Department of Electrical Engineering & Computer Science
Department of Electrical Engineering & Computer Science


ECE Robotics Lab
 
Location Room 364, Engineering I Building Electrical and Computer Engineering University of Central Florida 4000 Central Florida Blvd. Orlando, Florida 32816 Tel: 407-823-0190
Faculty MembersAman Behal (ECE), Michael Haralambous (ECE), Kurt Lin (MAE), Zhihua Qu (ECE), and Yunjun Xu (MAE)
Lab DirectorZhihua Qu


Mission: The Robotics Lab aims at developing optimization and control algorithms, software and hardware that enables autonomy of unmanned (aerial, ground, surface and underwater) vehicles, energy harvesting from ocean waves, manufacturing automation, space robotics, and other robotic applications.

Acknowledgements: The research activities at the Lab have been supported by National Science Foundation (NSF), Department of Defense (DoD), Air Force Office of Scientic Research (AFOSR), Air Force Research Laboratory (AFRL), Army Research Development and Engineering Command (RDECOM), Army Research Laboratory, NASA Kennedy Space Center, Harris Corporation, Lockheed Martin Corporation, L-3 Communications Link Simulation & Training, Oak Ridge National Laboratory, Science Applications International Corporation (SAIC), Florida High Tech Council (FHTC), and Florida Space Grant Consortium (FSGC).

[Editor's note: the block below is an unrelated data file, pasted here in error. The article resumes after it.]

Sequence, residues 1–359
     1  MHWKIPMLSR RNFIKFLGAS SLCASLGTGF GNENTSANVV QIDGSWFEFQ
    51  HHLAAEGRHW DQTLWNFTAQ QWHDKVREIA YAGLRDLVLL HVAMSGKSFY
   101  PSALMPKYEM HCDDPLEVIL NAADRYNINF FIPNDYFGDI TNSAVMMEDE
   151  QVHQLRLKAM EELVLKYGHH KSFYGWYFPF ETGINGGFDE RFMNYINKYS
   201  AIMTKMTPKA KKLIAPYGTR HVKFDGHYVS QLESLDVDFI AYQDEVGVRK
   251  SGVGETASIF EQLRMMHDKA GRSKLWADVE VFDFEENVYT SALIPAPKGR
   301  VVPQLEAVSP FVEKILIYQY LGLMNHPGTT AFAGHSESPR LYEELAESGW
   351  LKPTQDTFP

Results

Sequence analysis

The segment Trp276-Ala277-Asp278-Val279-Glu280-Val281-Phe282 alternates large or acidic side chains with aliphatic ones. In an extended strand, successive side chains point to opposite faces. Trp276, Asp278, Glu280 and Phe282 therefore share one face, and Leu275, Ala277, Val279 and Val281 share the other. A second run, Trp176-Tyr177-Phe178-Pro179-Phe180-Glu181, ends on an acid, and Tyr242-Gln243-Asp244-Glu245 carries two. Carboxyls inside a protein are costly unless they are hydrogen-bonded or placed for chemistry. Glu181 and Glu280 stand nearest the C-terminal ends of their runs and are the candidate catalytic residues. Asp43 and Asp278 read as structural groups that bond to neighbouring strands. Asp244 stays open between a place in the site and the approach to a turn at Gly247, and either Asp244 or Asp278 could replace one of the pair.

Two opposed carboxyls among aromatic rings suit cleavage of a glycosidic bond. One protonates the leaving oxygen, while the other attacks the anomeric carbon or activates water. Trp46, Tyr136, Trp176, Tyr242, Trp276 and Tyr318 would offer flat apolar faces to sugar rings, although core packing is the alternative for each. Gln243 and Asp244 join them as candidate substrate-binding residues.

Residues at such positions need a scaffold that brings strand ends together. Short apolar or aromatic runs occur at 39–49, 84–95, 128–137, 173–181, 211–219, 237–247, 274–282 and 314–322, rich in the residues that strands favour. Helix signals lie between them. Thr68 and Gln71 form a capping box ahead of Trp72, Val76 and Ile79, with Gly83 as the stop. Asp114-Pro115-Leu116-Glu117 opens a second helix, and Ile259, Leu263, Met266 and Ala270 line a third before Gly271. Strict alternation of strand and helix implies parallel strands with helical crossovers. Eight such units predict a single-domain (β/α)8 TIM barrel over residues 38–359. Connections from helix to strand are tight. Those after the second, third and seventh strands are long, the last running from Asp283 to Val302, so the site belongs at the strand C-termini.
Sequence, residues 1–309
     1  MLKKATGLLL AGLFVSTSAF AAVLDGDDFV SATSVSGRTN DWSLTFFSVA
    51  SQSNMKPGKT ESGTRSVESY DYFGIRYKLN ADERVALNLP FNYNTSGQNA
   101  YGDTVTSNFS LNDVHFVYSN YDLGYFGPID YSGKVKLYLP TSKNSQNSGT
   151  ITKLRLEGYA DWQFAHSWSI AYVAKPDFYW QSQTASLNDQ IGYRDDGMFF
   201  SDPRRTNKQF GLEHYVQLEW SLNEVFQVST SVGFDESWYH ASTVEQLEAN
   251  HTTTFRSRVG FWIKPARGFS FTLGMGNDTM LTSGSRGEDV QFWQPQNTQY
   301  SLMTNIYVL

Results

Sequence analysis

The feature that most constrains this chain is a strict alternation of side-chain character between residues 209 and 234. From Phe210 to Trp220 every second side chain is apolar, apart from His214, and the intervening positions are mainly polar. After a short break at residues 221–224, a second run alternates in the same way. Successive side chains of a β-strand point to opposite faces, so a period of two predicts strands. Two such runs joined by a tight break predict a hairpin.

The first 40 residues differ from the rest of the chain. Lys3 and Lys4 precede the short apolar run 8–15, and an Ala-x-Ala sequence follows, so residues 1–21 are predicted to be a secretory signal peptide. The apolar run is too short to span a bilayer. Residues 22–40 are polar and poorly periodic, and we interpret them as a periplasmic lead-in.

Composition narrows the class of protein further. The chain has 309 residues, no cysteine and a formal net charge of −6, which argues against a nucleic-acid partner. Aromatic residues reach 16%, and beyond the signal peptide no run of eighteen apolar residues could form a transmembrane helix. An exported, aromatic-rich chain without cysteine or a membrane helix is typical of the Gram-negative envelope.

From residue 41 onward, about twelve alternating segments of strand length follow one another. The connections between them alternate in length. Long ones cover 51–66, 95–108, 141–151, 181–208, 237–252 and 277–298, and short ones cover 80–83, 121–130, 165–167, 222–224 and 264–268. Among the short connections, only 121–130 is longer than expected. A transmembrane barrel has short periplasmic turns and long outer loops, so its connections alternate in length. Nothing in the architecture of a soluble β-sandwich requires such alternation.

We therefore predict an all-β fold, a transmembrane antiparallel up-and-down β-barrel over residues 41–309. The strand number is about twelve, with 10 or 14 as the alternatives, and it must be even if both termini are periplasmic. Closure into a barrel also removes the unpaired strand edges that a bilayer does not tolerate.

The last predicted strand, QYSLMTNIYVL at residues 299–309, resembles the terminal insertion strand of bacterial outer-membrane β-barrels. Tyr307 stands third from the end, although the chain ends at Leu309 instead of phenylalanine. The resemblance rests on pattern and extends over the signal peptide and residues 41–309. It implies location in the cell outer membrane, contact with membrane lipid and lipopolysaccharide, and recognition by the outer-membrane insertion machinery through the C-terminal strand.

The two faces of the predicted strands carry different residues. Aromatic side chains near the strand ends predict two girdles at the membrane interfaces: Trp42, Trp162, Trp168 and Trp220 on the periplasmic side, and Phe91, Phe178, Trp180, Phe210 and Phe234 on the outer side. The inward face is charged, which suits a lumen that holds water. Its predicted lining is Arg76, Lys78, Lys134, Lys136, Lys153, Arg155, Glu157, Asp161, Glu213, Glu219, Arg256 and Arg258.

Current Members
 
Vatana Anvatana an Ph.D. student
(supervised by Prof. Qu)
M.Sc. Electrical Engineering -
University of Central Florida
B.Sc. Computer Engineering -
University of Florida
vatana@knights.ucf.edu
Andres CurbeloAndres Curbelo Undergraduate Student
acurbelo1@knights.ucf.edu
Ricardo EliasRicardo Elias Undergraduate Student
relias36@gmail.com
Luis FelicianoLuis Feliciano Undergraduate Student
felicianoluis@knights.ucf.edu


Carlos VelezCarlos Velez Ph.D. student
B.Sc. Mechanical Engineering-
University of Central Florida
velezcar@yahoo.com


Laboratory Facility & Equipment
 
The available equipment in the laboratory are:
• An ATRV-Jr mobile robot platform from iRobot
• Robotic manipulators (SCARA direct-drive arm, Puma 560 manipulator, Adept arm, et al.)
• A 2000kg 6-DOF electric motion platform
• Design and analysis software (Matlab/Simulink, Labview and Labwindows, AutoCAD, etc.)
• An autonomous optical character recognition (OCR) system for manufacturing

 
Big Robot
Figure 1: ATRV-Jr All-Terrain Mobile Robot
Among the three platforms, the ATRV-Jr from iRobotTM is an all-terrain mobile robot, the only system purchased as a whole because it is commercially designed for the purpose of research and development. Shown in figure 1,the robot has an on-board computer, a suite of sensors (including a compass, a sonar array, a high-performance vision system with pantilt-zoom control, an inertial navigation system, a differential GPS system), a wireless/radio system (including a base station, a mobile station, and antennas), and safety devices (tactile bumpers, an emergency system, and backup units).
 
Fig2 Fig3 Fig4 Fig5
Figure 2: A Team of Mini Rovers
Figure 3: A wireless controlled Mini Rover
Figure 4: Robotic Manipulator
Figure 5: Robotic Wafer Handling System